Last month, in a small ceremony in the foyer of the medical ward at Whanganui Hospital, four new nebulisers were handed over to hospital staff by local Freemasons.
Due to the generosity of five Masonic Lodges and three personal donations, Freemasons from the Ruapehu District were able to purchase four Medix Econoneb Nebulisers for use on the medical ward.
W Bro Neil Elgar, PGIG, opened the proceedings, saying how if it was not for Laurie Hunt, prominent Marton citizen and past district grand master, this would not have happened.
"He was a patient in the hospital a year or so ago and found an absolute dependency on the nebuliser but they weren't in great supply... he found there was a real need. So he started it off."
Neil then read a letter from Laurie, who now lives with family in Ashburton.
"My best wishes to the nurses of the Whanganui DHB. The nebuliser project has been a year in the making, but with the help of the Masonic Lodges in the Whanganui Hospital district, we've been able to raise enough money to purchase four nebulisers for the medical ward, to relieve the shortage on that ward. With my medical complaint I was able to notice first hand the acute shortage of these machines. The nurses were always trying to keep track of the one and only machine that was working. I hope these nebulisers will make a difference and take the stress off the nursing staff and patients that get relief that the nebulisers will provide."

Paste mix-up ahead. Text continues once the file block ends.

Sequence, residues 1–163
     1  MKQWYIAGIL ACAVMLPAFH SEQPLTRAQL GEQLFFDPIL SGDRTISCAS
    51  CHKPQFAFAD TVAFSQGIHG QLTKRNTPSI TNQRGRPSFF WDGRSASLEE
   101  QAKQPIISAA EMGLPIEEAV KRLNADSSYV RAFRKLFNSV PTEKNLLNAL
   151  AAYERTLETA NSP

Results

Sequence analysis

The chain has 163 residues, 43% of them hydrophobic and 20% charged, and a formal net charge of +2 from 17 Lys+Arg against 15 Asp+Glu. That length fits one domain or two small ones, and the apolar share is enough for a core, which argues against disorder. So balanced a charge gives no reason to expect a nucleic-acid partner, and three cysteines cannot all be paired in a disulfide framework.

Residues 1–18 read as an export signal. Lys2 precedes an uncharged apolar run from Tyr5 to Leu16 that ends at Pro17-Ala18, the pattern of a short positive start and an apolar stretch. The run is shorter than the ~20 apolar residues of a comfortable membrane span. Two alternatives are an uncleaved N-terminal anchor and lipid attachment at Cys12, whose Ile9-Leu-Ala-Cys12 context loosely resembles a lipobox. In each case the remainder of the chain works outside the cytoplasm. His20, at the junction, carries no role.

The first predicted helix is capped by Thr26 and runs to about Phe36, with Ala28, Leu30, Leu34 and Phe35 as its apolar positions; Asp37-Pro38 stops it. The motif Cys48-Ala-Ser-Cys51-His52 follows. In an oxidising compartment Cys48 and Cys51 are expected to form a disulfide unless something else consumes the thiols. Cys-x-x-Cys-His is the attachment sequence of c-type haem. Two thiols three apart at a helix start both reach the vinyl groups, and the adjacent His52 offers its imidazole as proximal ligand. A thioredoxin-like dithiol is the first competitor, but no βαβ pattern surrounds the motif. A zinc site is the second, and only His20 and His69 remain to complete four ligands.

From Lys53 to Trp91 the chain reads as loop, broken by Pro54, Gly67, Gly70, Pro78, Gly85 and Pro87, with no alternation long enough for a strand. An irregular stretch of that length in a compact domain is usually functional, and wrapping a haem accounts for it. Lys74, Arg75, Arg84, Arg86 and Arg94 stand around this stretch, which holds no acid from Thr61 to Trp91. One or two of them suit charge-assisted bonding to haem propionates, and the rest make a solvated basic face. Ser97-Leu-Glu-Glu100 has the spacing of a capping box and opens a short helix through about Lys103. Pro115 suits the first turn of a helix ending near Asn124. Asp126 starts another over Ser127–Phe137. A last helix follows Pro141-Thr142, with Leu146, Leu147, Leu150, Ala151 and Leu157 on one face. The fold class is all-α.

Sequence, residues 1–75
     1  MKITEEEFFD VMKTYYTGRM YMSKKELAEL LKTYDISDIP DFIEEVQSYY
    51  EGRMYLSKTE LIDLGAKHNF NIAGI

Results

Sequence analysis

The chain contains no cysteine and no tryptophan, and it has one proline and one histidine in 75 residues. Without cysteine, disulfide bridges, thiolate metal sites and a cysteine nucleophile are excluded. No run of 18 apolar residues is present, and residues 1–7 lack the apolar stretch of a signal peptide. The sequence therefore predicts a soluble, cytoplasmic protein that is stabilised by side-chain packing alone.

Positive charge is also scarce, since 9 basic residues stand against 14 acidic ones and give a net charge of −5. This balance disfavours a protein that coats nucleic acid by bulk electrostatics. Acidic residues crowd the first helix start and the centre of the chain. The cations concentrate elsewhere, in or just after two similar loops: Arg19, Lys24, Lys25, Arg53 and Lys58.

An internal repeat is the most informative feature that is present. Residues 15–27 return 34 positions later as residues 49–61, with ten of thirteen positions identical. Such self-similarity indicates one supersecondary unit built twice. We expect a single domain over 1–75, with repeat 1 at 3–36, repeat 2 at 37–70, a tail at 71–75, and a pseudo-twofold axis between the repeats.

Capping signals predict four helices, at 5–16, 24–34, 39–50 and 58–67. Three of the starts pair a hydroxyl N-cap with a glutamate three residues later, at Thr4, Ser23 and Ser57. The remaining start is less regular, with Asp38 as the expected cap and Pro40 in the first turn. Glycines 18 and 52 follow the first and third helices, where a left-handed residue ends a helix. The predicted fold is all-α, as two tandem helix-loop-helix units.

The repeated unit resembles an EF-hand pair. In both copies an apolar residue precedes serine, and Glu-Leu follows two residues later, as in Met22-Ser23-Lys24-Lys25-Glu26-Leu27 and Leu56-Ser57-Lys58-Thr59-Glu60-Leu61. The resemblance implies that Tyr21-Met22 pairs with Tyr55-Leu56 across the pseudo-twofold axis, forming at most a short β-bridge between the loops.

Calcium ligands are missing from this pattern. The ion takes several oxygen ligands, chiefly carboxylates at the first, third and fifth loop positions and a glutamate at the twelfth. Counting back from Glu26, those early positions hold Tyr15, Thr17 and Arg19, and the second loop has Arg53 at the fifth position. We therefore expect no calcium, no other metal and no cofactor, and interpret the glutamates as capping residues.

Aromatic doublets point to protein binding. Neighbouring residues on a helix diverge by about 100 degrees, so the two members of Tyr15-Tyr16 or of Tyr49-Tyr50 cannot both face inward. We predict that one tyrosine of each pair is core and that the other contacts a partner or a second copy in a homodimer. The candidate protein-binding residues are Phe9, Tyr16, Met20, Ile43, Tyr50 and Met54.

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Neil introduced Freemasons from the local lodges that assisted with the funds. Contributing lodges were United Wanganui, Tongariro Lodge EC, St Andrew Kilwinning, Otaihape and Rangitikei.
Ash Williamson, Ruapehu Masonic District grand master, who attended with his wife Jo, unveiled the nebulisers on behalf of their friend, Laurie Hunt.
A nebuliser converts a solution of a drug into a fine spray which is inhaled. Nebulisers use oxygen, compressed air, or ultrasonic power to break up the liquid drug to deliver the dose and are invaluable on the medical ward.
"We have a high number of respiratory patients," says Cynda Baker, clinical nurse manager. "So they will be utilised, believe me."